Now this is anything but romantic but that doesn't stop thousands of French families from pulling off during a long journey and setting up their picnic with as much care as though they were setting the table for dinner at home.
Out come the chairs and ubiquitous tablecloth, the spread, the wine (or water) bottle and glasses, although some care is usually taken not to drink excessively while driving (French drivers still have a bit of a learning curve when it comes to not drinking and driving).
Along many roads you'll find picnic signs, for designated areas, and some of these have BBQ facilities, if that's what you'd like for your picnic. If they don't, be careful where you light a fire. Forest fires are all too common in France and lighting fires is often restricted, when not outright banned. One rule is constant, however: you cannot light a BBQ or any kind of fire within 200 meters of a wooded area, ever.
Most châteaux have extensive grounds, in addition to their manicured French gardens. And the view! Sitting in the shadow of Chenonceau or Chambord or Chaumont castles in the Loire Valley provides a backdrop of dreams, better than a scene in a movie.
In Chambord, along the canal near the Renaissance gardens, each bite of sandwich will yield a view of the chateau's amazing turrets, a postcard perfect view you couldn't pay for.
Contrary to some cities where walking on the grass is nearly a capital crime, finding a picnic spot in Paris couldn't be easier.
Of course you have the city's delightful parks − Champ de Mars (with that impossible view on the Eiffel Tower), Montsouris, Buttes-Chaumont, Villette, André Citroën, Monceau, the Luxembourg... or woods like the Bois de Vincennes.
The water's edge is also perfect, along the Seine, or the Canal Saint-Martin − it's not hard to find a picnic spot in Paris.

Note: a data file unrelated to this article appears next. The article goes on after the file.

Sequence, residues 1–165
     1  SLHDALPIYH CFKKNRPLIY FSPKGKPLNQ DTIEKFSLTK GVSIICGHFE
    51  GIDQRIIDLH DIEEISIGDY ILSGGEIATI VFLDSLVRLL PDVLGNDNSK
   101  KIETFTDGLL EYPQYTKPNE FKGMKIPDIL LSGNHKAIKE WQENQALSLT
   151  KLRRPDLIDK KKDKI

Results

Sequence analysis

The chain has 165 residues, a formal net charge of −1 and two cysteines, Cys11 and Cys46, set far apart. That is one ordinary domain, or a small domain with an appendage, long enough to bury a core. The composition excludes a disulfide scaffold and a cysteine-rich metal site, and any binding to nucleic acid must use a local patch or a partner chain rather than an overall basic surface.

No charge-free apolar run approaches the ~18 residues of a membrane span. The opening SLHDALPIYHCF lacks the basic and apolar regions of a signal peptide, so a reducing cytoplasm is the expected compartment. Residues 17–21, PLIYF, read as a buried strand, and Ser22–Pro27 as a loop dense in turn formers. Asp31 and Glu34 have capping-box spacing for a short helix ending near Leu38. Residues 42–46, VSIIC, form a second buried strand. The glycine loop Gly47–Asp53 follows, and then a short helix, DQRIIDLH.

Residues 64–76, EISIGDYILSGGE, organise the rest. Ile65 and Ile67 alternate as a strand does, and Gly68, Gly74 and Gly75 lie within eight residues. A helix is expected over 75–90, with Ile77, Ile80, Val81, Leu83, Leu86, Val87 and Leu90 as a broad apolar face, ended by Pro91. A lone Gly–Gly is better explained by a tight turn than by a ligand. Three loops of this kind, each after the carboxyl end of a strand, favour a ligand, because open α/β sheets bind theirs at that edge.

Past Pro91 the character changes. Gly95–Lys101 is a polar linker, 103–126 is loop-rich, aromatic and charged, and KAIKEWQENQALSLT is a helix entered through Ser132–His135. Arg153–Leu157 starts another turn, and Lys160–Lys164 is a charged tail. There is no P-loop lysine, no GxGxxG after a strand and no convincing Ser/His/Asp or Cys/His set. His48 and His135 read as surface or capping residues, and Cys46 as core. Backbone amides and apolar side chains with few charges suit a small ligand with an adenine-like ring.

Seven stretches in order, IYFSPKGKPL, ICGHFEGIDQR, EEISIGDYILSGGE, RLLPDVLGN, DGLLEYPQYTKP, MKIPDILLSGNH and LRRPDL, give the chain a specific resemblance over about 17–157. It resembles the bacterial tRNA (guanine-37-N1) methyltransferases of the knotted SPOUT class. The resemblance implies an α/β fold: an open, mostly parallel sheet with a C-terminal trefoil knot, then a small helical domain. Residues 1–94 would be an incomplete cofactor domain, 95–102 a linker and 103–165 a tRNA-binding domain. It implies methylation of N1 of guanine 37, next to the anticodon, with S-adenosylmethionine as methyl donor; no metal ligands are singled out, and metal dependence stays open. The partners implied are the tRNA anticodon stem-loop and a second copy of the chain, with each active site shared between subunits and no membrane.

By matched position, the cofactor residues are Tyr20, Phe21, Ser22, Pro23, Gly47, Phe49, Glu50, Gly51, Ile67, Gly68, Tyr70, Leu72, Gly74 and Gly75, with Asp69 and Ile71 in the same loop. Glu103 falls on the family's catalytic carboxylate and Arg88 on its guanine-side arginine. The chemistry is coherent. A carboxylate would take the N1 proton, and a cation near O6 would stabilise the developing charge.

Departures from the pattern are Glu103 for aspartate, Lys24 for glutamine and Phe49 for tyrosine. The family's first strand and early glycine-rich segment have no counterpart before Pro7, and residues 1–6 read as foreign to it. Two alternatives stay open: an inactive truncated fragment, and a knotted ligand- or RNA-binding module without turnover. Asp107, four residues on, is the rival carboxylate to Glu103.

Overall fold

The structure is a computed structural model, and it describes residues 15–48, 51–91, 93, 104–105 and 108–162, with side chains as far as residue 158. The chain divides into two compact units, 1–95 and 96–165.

I did mention there were few picnic rules in France, but there's an exception in Paris: no fires or BBQs, and no alcohol, although I have seen many a glass of wine or champagne appear...
There's actually a website with France's official picnic sites − it's in French but relatively simple to navigate. Just use the drop-down menu to navigate to one of the French départements you'll be visiting, and voilà!
Picnics aren't modern events, not by any means.
They were already common during the Middle Ages, when peasants working in the fields took their lunch with them and ate outdoors. Nobles, too, took their lunch with them when they were on a hunt. These would evolve into veritable meals, with people contributing dishes to the general meal.
In fact, it is said that Louis XIV enjoyed eating outdoors and always carried food with him when he traveled.
After the French Revolution, organizing festive gatherings on former royal grounds "liberated" for the Republic became common, an act of quasi-rebellion in enjoying domains that had once been closed to them.
By the 19th century, the picnic was a major social event, which you can see reflected in the impressionist art of the time. Today, it is less about the food, and more about outdoor life and socializing with friends and family.